For years now, backlinks have been an essential part of any solid SEO strategy. A backlink is simply a link from one website to another, and they’re essential because they help SEO backlinks search engines understand the quality and relevancy of your site. The majority of search engines view backlinks as votes of confidence—the more votes (i.e., backlinks) your site has, the more credible it must be. But what exactly are high-quality backlinks? Let’s take a look.
What Are High-Quality Backlinks?
A high-quality backlink is a link to your website from a credible and relevant source. For example, if you have a website about gardening, then receiving a backlink from an authoritative gardening blog would be much more valuable than receiving a backlink from an unimportant or untrustworthy site, such as someone’s personal blog or spammy website.
Different Kinds Of Backlinks Available Out There
Not all links are created equal, though—some are worth more than others. Here’s a quick rundown of the different types of backlinks you might encounter and how valuable they are for SEO:
- Do-follow vs. no-follow links. A do-follow link is a traditional link that allows search engines to follow it and attribute the link to your website. A no-follow link is one that doesn’t allow search engines to follow it or pass along any “Link Juice” (i.e., ranking power). No-follow links aren’t entirely worthless—they can still help you build relationships with other webmasters—but they won’t do anything for your SEO.
- Editorial vs. comment links. An editorial link is one that appears in the main body of an article or blog post (like this one!). A comment link appears in the comments section of an article or blog post—usually with a follow-up by the author saying something like “Great comment!” or “Welcome to my blog!” Both types of links are valuable for SEO—editorial links are worth more because they appear in the actual article, but comment links are still worth pursuing because they show that you’re actively engaged in the comments section (more on that later).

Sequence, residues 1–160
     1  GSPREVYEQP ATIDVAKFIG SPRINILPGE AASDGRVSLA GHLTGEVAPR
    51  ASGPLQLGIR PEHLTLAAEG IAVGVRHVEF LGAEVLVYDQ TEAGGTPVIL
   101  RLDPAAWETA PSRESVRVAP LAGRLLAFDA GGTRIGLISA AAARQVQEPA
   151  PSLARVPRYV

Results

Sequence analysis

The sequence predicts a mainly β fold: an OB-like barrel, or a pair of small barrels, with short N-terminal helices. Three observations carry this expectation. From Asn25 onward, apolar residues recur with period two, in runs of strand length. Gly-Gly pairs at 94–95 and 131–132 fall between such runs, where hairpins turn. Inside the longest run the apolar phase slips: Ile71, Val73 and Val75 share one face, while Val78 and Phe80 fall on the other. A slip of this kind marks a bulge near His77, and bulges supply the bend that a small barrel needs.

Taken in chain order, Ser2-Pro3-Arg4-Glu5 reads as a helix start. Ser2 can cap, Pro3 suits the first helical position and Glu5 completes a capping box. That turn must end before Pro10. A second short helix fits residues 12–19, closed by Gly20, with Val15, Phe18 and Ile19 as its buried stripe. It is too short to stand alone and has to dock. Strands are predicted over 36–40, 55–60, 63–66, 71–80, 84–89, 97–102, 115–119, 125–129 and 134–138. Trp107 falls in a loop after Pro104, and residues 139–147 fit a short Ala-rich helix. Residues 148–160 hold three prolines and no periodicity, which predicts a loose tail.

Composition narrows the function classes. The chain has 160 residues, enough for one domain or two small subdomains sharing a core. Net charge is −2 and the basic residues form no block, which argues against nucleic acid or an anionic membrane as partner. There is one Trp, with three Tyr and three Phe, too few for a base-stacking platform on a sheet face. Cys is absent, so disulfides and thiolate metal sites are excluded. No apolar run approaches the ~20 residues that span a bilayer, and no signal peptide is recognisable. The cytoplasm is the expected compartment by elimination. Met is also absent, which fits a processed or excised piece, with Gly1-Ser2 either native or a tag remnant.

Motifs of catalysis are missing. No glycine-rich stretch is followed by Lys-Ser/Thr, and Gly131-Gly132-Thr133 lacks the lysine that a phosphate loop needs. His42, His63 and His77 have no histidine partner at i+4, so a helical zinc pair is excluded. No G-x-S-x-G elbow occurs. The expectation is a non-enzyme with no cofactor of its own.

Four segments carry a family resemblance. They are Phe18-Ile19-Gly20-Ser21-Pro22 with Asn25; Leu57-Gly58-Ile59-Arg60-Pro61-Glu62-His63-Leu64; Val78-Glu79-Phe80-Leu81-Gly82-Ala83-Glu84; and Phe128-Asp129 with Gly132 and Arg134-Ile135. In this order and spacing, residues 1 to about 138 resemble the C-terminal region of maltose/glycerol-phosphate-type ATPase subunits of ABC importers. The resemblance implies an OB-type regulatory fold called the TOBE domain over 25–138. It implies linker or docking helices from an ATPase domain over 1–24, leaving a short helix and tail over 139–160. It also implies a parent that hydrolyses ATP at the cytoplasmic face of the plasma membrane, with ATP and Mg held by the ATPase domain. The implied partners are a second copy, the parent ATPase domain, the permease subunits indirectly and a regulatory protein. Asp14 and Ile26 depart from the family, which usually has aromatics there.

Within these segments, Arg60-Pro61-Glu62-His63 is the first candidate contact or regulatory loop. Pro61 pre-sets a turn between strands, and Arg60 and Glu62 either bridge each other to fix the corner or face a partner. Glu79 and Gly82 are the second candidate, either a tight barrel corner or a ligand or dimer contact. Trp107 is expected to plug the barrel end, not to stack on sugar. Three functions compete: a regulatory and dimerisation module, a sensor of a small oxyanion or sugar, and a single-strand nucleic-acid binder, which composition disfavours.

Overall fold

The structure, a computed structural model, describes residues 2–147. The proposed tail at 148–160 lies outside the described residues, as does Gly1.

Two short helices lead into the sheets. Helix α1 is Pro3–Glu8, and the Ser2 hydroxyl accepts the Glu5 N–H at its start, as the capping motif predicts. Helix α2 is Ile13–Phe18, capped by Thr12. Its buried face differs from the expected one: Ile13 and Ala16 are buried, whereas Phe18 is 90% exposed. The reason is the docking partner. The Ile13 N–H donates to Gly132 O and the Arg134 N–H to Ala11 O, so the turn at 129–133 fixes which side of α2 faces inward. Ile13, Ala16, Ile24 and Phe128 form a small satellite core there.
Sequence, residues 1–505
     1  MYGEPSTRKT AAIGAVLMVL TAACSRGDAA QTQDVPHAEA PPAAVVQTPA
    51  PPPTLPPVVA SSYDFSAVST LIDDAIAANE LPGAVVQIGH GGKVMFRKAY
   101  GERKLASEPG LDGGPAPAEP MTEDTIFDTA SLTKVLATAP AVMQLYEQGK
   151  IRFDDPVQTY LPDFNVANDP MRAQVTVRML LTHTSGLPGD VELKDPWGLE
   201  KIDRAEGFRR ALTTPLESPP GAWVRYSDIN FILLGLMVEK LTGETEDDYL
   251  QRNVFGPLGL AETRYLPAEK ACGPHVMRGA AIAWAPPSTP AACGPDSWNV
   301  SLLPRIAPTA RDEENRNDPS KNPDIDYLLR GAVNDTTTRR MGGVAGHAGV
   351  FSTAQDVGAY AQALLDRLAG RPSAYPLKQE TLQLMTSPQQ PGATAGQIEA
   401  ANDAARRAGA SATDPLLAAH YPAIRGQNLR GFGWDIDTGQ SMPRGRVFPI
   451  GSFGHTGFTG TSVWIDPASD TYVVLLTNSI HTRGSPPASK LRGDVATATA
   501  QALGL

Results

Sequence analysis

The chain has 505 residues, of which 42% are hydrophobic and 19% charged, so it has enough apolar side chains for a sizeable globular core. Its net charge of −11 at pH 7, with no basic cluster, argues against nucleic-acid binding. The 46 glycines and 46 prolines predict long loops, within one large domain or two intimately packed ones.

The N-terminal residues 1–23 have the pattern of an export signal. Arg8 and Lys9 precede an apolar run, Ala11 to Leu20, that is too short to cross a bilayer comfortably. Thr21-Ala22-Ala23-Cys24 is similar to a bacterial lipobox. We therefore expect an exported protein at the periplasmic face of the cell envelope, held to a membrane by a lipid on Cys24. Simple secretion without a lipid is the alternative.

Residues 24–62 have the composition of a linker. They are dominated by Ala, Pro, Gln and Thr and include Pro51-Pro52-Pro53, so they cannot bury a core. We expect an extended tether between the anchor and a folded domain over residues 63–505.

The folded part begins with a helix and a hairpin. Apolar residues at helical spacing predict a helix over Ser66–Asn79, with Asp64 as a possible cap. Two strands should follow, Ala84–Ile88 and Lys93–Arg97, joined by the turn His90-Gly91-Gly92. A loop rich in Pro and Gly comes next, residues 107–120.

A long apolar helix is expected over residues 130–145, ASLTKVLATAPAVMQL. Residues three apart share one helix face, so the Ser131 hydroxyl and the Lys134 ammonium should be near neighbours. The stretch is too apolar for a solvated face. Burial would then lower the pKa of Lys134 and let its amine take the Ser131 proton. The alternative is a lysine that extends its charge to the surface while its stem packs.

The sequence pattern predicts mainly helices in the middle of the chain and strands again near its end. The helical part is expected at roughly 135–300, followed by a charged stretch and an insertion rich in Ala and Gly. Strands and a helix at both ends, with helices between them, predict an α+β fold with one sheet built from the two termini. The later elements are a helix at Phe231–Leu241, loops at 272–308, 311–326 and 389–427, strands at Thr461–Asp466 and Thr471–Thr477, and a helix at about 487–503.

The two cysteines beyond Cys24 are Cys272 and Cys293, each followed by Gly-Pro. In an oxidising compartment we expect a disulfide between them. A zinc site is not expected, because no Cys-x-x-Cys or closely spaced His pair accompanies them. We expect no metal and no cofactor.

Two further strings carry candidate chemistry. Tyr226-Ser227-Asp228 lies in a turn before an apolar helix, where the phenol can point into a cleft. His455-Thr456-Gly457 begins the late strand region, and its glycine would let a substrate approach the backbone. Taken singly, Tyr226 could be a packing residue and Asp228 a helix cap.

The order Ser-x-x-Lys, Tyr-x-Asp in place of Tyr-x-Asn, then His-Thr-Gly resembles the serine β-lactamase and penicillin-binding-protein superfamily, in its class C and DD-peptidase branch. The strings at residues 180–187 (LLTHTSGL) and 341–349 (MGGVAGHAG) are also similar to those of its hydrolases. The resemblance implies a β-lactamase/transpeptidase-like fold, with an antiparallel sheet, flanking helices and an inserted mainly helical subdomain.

- Contextual vs non-contextual links. A contextual link is one that appears in context with the surrounding text—in other words, it actually adds value to the article by providing readers with additional information about the topic at hand. A non-contextual link is one that doesn’t really add anything to the article except maybe some keywords (these are usually pretty easy to spot). Contextual links are much more valuable because they actually enhance the reading experience for users, while non-contextual links provide no real value and can actually hinder the user experience by interrupting the flow of the article.
As you can see, not all backlinks are created equal—some are worth pursuing while others aren’t really worth your time. So, how can you tell which ones are worth going after? Look for high-quality websites in your industry with relevant content and a healthy mix of do-follow and editorial links. Avoid spammy sites and those with primarily non-contextual links. If you focus on building quality backlinks from credible sources, you’ll be well on your way to boosted SEO results!